Tripwire Reviews Batman: Curse Of The White Knight By Sean Murphy

Tripwire Reviews Batman: Curse Of The White Knight By Sean Murphy

Set On The Path Of Violence

Tripwire’s contributing writer Laurence Boyce takes a look at DC’s Batman: Curse Of The White Knight, out now…

Batman: Curse of the White Knight
Writer: Sean Murphy
Artist: Sean Murphy and Klaus Janson
Colours: Matt Hollingsworth
Published by DC Black Label

DC Black Label effort Batman: White Knight was an interesting ‘Elseworld’ take on the Batman mythos, with a sane Joker (AKA Jack Napier in this iteration of the Batman universe) becoming a quasi-hero in a battle against a Batman shunned by the public. Bringing more of the troubling elements of Batman’s psychology to the fore – exploring the fine line between ‘hero’ and ‘terrorist’ that he so often walks – as well being a more human and revealing exploration of The Joker, White Knight was a fine and often dense piece of work.

In Murphy’s inevitable follow-up, the stakes are raised once again as The Joker (invariably escaped and with the ‘Jack Napier’ persona firmly buried in his psyche) embarks on a new plan to take the Batman down. As Batman reels from the events of the previous story and debates whether to reveal his identity to the world, a new and deadly foe by the name of Azrael comes onto the scene – seemingly backed by The Joker and a cabal of shadowy elites.

As Azrael’s path of violence takes its toll on the ‘Bat Family’ – leaving Batman increasingly isolated – he soon discovers the hidden connection between the evil wreaking it’s havoc in the present day and it’s connection to the shadowy past of the Wayne family and the very founding of  Gotham City itself.

Much like White Knight, many of the pre-occupations of Curse of the White Knight are to do with the the mutable notions of good and evil. While Batman appears to have his moral compass reset after the events of the first story, the appearance of Azrael shakes everything up once more as he is forced to confront the sins of his ancestors. Azrael himself – the Jean Paul Valley of this world being a damaged former soldier – is a man on a crusade, wanting to become Gotham’s saviour over a man he sees as a pretender to the throne. And let’s not forget The Joker. Now allowed to be the purely malevolent character we’re used to in mainstream continuity (at least for the most part), his complex plan is only derailed by the appearance of Harley Quinn whose appearance once again shifts the line that separates good from bad.  On the whole this constant shifting and examination of morality works well, with all the story elements working well together (though some more supernatural elements introduced during proceedings feel a tad out of place) though the central storyline concerning Azrael is perhaps slightly staid and predictable despite plot twists. It’s the Harley Quinn subplot that provides most of the interest here, with a late story revelation that manages to alter her traditional narrative arc of ‘abused woman with little agency’.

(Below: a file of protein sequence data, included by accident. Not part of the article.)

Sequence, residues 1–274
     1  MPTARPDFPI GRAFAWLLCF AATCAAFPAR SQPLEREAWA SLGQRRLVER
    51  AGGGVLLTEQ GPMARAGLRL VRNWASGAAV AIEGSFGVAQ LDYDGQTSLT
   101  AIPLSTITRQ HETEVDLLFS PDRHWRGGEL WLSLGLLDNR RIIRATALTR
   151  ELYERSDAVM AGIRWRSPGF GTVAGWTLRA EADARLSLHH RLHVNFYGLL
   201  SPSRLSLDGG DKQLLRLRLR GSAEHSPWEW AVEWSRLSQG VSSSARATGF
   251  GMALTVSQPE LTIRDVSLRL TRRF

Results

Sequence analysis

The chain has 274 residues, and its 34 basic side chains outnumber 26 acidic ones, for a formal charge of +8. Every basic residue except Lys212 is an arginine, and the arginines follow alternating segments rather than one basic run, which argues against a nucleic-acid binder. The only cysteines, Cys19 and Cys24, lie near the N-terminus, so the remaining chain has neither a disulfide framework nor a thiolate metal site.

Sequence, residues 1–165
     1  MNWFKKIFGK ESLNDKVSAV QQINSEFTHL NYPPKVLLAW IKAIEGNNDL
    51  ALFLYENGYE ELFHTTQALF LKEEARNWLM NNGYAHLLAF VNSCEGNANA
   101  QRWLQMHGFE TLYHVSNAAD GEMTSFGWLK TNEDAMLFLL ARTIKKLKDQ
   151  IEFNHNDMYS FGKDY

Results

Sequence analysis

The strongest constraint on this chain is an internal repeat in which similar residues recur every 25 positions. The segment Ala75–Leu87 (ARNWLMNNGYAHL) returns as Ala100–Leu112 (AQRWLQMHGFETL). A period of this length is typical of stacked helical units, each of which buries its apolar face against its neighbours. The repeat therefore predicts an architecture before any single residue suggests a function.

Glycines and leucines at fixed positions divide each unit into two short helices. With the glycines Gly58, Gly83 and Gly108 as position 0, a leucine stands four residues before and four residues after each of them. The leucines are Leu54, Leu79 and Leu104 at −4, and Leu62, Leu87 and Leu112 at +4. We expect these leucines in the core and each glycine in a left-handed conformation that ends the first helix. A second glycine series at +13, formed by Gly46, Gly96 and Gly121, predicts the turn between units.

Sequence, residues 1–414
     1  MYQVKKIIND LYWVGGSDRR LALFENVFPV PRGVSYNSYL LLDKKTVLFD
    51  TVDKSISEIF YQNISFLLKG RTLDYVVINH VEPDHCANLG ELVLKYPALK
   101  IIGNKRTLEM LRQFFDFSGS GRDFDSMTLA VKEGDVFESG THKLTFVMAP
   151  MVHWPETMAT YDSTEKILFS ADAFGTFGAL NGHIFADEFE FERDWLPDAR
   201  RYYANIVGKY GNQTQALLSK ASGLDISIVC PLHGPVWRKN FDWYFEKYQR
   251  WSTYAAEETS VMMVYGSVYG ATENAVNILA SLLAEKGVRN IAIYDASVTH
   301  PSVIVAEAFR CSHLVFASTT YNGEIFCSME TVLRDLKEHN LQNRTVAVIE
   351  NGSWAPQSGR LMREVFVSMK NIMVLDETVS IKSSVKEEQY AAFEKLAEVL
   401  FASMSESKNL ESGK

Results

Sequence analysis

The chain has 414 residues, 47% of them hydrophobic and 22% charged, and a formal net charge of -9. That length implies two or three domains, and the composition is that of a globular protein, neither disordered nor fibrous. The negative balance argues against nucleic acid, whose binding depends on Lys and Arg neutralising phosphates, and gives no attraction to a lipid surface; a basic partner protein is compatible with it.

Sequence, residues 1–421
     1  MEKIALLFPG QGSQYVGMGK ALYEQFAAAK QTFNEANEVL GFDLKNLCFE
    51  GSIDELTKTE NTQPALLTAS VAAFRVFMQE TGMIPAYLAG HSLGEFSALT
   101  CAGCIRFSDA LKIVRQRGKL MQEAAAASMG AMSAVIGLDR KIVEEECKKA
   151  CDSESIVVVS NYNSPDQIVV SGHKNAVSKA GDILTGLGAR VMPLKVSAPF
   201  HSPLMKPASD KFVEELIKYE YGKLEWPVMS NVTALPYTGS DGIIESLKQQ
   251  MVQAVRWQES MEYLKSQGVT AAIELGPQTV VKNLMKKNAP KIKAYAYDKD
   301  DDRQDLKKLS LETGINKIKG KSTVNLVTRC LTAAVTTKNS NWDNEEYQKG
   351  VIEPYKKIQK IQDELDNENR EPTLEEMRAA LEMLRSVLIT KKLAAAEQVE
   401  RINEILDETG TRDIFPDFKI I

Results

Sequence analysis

Of course, for all its philosophical musings on Batman, the story provides plenty of action and bloody set pieces often involving epic battles between Azrael and Batman. Murphy’s art is hard and angular, all thin lines and sharp edges. Pages are often swathed in an orange hue, suggesting a world on fire, a never ending barrage of anger and heat. There’s an ever present sense of foreboding, of tension and it makes for an often relentless piece of work. There’s sheer forcefulness is also aided by its status as an out of continuity story. Murphy takes delight in offing a number of familiar characters, often in brutal ways (a particular rampage in Arkham Asylum is gruesomely effective) and it adds to a certain uneasiness throughout.

Curse of the White Knight is appended by Von Freeze in which Murphy, alongside legendary Batman artist Klaus Janson, gives another perspective on the origin of the Batman villain. Originally meant to be a part of White Knight, dropped after Murphy ran out of space, it now exists as a well thought out one shot in which Freeze’s origins are tied into tragic circumstances of his family fleeing the Nazis during World War II. Like the Curse of the White Knight, it plays with morality (Freeze is not the villain here) and – with Janson’s cold and sober artwork contrasting with the heat and fire of Curse – it’s a welcome addition alongside the usual variant covers and sketches.

Batman: Curse of the White Knight is available now published by DC Black Label.

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Batman: Curse Of The White Knight by Sean Murphy and Klaus Janson
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